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Lethal Inspection

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"Lethal Inspection"
Futurama episode
Episode no.Season 6
Episode 6
Directed byRay Claffey
Written byEric Horsted
Production code6ACV06
Original air dateJuly 22, 2010 (2010-07-22)
Episode features
Opening captionMade you look!
Episode chronology
← Previous
"The Duh-Vinci Code"
Next →
"The Late Philip J. Fry"
Futurama season 6
List of episodes

"Lethal Inspection" is the sixth episode in the sixth season of the American animated television series Futurama, and the 94th episode of the series overall. It originally aired on Comedy Central in the United States on July 22, 2010. In the episode Bender learns that he suffers from a terminal manufacturing defect, effectively rendering him mortal. Bender must cope with his newfound mortality and enlists Hermes Conrad's help to track down the mysterious quality inspector, Inspector No. 5, whom he blames for allowing him to enter the world only to die.

The episode was written by Eric Horsted and directed by Ray Claffey. From June 8 to June 15, as part of its "Countdown to Futurama" event, Comedy Central Insider, Comedy Central's news outlet, released various preview materials for the episode, including a storyboard of Bender's and Hermes' entry into the Central Bureaucracy and character designs for the war reenactment sequence. "Lethal Inspection" received positive reviews from critics, who viewed the emotional ending to be a return to form that the season had been missing.


After a reenactment of the "Sith-al War", Bender touts his perfection and "immortality", specifically citing his ability to download a backup copy of himself into a new working body should anything happen to his present one. Bender soon discovers that he suffers from a terminal manufacturing defect: he is built without a backup unit, making him mortal. He is devastated by the revelation of his mortality and of Inspector No. 5, believing the inspector's careless error resulted in him being sent out into the world only to die. He becomes determined to find Inspector No. 5 and demand an answer to why he allowed Bender to exist despite his fatal flaw.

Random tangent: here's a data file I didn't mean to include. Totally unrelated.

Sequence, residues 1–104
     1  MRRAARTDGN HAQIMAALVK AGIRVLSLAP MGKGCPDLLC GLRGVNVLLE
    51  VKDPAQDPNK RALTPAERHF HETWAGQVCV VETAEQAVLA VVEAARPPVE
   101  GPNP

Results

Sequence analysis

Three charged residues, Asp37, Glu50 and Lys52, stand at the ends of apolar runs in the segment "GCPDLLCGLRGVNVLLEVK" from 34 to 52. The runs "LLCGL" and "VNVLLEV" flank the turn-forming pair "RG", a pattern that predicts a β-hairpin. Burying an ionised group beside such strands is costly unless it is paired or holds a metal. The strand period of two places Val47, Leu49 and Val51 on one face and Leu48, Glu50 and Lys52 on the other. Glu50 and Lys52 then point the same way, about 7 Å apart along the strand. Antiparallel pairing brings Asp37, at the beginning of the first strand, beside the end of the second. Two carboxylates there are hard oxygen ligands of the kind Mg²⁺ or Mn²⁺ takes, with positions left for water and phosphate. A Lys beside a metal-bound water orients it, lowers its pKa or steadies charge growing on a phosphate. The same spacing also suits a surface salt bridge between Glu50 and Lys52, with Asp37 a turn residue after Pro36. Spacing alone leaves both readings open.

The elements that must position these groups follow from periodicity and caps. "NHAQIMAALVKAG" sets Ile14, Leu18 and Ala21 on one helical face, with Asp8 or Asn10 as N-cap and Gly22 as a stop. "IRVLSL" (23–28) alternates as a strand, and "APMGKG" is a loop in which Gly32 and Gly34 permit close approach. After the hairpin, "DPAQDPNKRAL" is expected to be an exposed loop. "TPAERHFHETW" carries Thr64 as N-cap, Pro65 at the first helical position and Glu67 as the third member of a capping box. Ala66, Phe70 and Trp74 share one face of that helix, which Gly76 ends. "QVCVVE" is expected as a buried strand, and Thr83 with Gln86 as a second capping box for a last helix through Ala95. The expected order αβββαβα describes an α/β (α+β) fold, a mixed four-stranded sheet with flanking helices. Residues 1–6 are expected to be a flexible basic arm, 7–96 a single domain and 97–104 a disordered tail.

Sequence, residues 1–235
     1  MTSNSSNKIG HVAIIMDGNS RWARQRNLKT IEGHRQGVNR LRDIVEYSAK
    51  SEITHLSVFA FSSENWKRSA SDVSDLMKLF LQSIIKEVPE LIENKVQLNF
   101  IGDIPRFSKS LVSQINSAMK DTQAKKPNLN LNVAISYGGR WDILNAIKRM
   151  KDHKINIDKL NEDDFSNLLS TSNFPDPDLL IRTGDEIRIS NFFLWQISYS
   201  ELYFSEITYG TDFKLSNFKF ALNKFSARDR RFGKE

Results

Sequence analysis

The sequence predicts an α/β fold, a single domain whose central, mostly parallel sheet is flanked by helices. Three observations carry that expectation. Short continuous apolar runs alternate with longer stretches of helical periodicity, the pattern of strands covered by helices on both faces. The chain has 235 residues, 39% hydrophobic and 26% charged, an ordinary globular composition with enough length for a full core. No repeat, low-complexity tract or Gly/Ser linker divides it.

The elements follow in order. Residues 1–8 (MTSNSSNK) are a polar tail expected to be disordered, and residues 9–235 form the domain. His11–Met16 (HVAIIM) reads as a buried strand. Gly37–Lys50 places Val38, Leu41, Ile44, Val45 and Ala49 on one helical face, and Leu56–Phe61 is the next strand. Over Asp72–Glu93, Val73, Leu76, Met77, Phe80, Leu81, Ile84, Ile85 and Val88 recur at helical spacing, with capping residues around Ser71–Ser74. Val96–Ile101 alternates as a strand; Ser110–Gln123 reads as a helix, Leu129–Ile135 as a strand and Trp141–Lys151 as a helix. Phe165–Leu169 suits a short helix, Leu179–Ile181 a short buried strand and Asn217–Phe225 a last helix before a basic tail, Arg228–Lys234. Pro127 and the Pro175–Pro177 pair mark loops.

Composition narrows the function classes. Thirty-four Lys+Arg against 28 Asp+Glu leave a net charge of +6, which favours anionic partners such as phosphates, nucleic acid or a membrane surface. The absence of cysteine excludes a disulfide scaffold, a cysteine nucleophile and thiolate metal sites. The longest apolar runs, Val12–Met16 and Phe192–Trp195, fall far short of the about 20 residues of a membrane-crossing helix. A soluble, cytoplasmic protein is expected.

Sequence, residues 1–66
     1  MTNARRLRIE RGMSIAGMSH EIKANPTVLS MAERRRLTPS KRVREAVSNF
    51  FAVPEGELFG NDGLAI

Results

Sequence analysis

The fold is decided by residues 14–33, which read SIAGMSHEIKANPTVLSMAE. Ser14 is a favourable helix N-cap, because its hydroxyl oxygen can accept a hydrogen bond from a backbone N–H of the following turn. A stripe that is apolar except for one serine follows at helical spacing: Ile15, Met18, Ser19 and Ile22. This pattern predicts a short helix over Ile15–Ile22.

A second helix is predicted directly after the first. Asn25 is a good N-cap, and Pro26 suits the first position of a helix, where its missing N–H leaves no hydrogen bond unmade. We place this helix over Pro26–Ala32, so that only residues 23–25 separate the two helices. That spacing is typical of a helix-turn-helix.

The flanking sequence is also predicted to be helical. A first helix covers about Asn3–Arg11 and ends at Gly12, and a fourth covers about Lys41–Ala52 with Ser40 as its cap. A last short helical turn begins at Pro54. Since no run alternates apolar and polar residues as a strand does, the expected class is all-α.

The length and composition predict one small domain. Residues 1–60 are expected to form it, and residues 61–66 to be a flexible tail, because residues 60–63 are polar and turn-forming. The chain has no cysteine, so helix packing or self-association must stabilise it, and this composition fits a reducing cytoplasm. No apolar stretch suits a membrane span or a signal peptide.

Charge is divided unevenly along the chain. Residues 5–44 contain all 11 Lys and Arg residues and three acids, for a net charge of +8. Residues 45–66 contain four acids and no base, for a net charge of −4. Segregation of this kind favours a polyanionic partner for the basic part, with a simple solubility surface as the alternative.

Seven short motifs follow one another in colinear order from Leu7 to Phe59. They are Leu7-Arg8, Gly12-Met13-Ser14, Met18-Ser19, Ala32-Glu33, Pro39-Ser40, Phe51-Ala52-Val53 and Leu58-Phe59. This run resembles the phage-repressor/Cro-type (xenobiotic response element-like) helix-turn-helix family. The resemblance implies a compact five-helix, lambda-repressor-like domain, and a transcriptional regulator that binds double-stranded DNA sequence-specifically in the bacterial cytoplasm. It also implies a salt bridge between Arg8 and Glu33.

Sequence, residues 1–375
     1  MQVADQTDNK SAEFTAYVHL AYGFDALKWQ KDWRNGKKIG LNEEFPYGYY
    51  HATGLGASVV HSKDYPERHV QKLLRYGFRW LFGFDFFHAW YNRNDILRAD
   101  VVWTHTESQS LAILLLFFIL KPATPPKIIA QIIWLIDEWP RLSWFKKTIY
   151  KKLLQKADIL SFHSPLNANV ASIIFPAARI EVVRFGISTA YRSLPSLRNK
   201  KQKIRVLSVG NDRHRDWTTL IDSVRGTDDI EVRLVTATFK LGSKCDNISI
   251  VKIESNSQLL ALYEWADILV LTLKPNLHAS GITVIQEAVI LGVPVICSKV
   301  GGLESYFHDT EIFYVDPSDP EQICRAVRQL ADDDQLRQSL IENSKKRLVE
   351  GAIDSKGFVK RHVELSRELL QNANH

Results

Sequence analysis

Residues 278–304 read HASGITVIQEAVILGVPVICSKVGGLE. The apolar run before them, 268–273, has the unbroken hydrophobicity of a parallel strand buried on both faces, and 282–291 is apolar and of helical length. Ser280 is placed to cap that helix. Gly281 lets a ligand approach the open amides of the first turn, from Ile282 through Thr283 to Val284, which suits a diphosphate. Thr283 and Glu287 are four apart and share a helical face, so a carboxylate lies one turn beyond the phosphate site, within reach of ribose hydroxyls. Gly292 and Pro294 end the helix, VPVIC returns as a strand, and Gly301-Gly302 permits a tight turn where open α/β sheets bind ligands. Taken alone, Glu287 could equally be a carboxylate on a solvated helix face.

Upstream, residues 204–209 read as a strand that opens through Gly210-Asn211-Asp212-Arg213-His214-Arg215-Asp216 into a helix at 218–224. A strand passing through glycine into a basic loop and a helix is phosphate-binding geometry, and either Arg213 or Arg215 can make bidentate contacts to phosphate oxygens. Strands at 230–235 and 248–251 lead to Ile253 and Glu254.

Hermes agrees to help Bender in his quest to discover the identity of Inspector No. 5, which is locked in the Central Bureaucracy. While at the Central Bureaucracy, Hermes logs into the computer system with his ID to look up Inspector No. 5's records. However, he and Bender find that the electronic record on Inspector No. 5 has been deleted and that the physical file is also missing. Bender calls Mom's Friendly Robot Company, who created him, and tells her he is defective. Mom attempts to have Bender destroyed to cover up the existence of a defective robot. The two flee from Mom's Killbots by train and arrive in Tijuana—where Bender was manufactured.

The original manufacturing plant is abandoned, but Bender finds an old directory listing Inspector No. 5's address. However, upon reaching the home, they also find it abandoned. Realizing that he may never find the answers he seeks, Bender is forced to confront the reality of death. Hermes consoles him, telling him that now life is precious and he should not spend it bitter and angry. The two bond but are soon interrupted by the arrival of the Killbots, who begin shooting into the house. Hermes tells Bender to flee while he attempts to hack into Inspector No. 5's old Central Bureaucracy computer. Successful, Hermes uploads false information to the Killbots claiming Bender has been eliminated, which ends their pursuit, before narrowly escaping the burning house.